Why Firing Chips At a Flaky Pot Is a Huge Mistake

There are mildly weak hands in poker, and then there are pretty awful hands in poker. Yes, I’m sure we can all recall stories of having 7-2 off and getting the golden 7-7-7 pot. Go ahead and calculate the chances of getting that type of hand when there are eight other players at the table. Go on, we’ll wait right here. 🙂

If you came to the conclusion of “slim to nil”, then you might as well keep on reading. There’s a reason why any poker place worth their salt will advise you to dump weak hands like a bad habit. It’s not the short term game that they’re analyzing for real money games, but the long term. You increase your win rate by divorcing weak hands as quickly as other players marry them. The choice is always up to you, but sound poker theory calls for using your head as much as possible.

Firing Chips

There’s another reason why you want to drop weak hands: their weakness transfers quickly to the image other players have of you as a poker player. If you’re constantly chasing the river, that gets noticed. If you’re so hopeful that others are bluffing when they aren’t, that gets noticed. You sculpt your average over time hand by hand. It can take hundreds if not thousands of hands to override a bad start, so keep that in mind as well. There are plenty of sites that track player statistics, and trust us when we say that seasoned players are looking at them. If you look like a fish, you’ll be hunted like one.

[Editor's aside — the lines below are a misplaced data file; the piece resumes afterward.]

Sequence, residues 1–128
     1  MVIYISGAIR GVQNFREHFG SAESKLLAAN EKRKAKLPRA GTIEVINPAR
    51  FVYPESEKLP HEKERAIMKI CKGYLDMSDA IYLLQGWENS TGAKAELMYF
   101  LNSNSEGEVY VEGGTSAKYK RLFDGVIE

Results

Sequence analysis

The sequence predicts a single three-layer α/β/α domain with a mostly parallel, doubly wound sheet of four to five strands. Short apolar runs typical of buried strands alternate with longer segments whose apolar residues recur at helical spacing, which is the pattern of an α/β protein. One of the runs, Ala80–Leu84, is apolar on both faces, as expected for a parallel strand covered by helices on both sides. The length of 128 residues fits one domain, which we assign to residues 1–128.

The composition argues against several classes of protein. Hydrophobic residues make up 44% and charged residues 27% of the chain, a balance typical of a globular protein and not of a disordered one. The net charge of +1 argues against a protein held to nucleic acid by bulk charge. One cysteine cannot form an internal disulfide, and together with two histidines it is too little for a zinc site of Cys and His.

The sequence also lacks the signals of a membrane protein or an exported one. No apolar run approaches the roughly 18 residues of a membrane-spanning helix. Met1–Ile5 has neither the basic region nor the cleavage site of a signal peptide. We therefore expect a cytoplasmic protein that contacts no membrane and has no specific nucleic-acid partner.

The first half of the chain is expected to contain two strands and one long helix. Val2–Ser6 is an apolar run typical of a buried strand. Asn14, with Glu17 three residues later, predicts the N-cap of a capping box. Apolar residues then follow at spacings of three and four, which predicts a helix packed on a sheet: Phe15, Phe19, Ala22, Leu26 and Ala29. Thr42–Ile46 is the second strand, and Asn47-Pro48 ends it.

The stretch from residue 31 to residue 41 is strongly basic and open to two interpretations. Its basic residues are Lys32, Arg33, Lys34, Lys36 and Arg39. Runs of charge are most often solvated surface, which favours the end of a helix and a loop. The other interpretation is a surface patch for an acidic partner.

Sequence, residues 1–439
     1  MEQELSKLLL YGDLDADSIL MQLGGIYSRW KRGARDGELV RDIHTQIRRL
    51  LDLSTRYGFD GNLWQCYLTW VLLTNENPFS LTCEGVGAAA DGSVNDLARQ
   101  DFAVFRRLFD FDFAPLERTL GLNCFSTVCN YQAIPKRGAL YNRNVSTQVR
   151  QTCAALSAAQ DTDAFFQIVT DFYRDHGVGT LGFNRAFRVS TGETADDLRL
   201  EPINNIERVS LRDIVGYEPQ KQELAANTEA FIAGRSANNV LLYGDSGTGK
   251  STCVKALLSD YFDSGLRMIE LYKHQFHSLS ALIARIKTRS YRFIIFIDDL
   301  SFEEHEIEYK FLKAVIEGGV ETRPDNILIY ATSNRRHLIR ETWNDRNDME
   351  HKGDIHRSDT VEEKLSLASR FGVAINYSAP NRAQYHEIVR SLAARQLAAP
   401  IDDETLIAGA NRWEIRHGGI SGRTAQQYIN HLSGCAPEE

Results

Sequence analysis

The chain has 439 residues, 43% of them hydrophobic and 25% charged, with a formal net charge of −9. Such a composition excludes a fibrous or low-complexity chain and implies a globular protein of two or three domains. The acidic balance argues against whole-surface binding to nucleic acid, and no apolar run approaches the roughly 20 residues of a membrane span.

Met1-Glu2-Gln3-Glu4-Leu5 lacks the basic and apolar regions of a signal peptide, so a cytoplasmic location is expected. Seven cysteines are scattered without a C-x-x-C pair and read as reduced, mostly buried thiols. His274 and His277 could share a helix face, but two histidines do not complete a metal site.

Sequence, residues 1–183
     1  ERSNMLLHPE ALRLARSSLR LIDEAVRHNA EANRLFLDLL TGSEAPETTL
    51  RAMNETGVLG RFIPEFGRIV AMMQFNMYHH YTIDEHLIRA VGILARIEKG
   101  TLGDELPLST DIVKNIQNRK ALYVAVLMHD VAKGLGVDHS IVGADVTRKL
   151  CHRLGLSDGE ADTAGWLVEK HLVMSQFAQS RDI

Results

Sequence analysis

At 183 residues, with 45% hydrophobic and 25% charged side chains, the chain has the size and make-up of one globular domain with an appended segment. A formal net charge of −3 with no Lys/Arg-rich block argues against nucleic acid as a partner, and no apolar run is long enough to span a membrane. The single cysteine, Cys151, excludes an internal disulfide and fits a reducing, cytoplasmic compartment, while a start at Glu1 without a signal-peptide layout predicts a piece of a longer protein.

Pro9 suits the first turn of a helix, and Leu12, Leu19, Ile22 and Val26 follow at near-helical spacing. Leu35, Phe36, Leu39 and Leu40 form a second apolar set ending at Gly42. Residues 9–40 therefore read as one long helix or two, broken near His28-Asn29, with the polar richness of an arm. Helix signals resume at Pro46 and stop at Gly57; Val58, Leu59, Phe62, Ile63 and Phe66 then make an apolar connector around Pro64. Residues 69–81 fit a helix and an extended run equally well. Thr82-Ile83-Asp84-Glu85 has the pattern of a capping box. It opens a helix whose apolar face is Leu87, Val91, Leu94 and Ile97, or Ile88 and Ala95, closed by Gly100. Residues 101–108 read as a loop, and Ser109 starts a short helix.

If that offends you, the only solution that you have at your fingertips is to just push forward harder than other people. Go back and play a lot of practice hands. Start rethinking poker strategy. Firing chips at a pot that you know you can’t win isn’t going to make anyone think you’re bluffing. Oh sure, you might win a few hands that you wouldn’t otherwise. But once other people catch on, they will make you pay dearly for that type of deception.

Go back and look at the hands that you’ve actually played. This doesn’t just include the hand you had, but the entire round. Looking at how you acted and how others responded can give you valuable insight. This is stuff worth paying for, especially when you’re thinking about moving from one stake to another stake. The higher you go, the tougher the competition will be. It’s not just your hard earned money at stake. You will run into people that supplement or even replace their income with poker winnings, and they aren’t trying to starve anytime soon. Be very careful!

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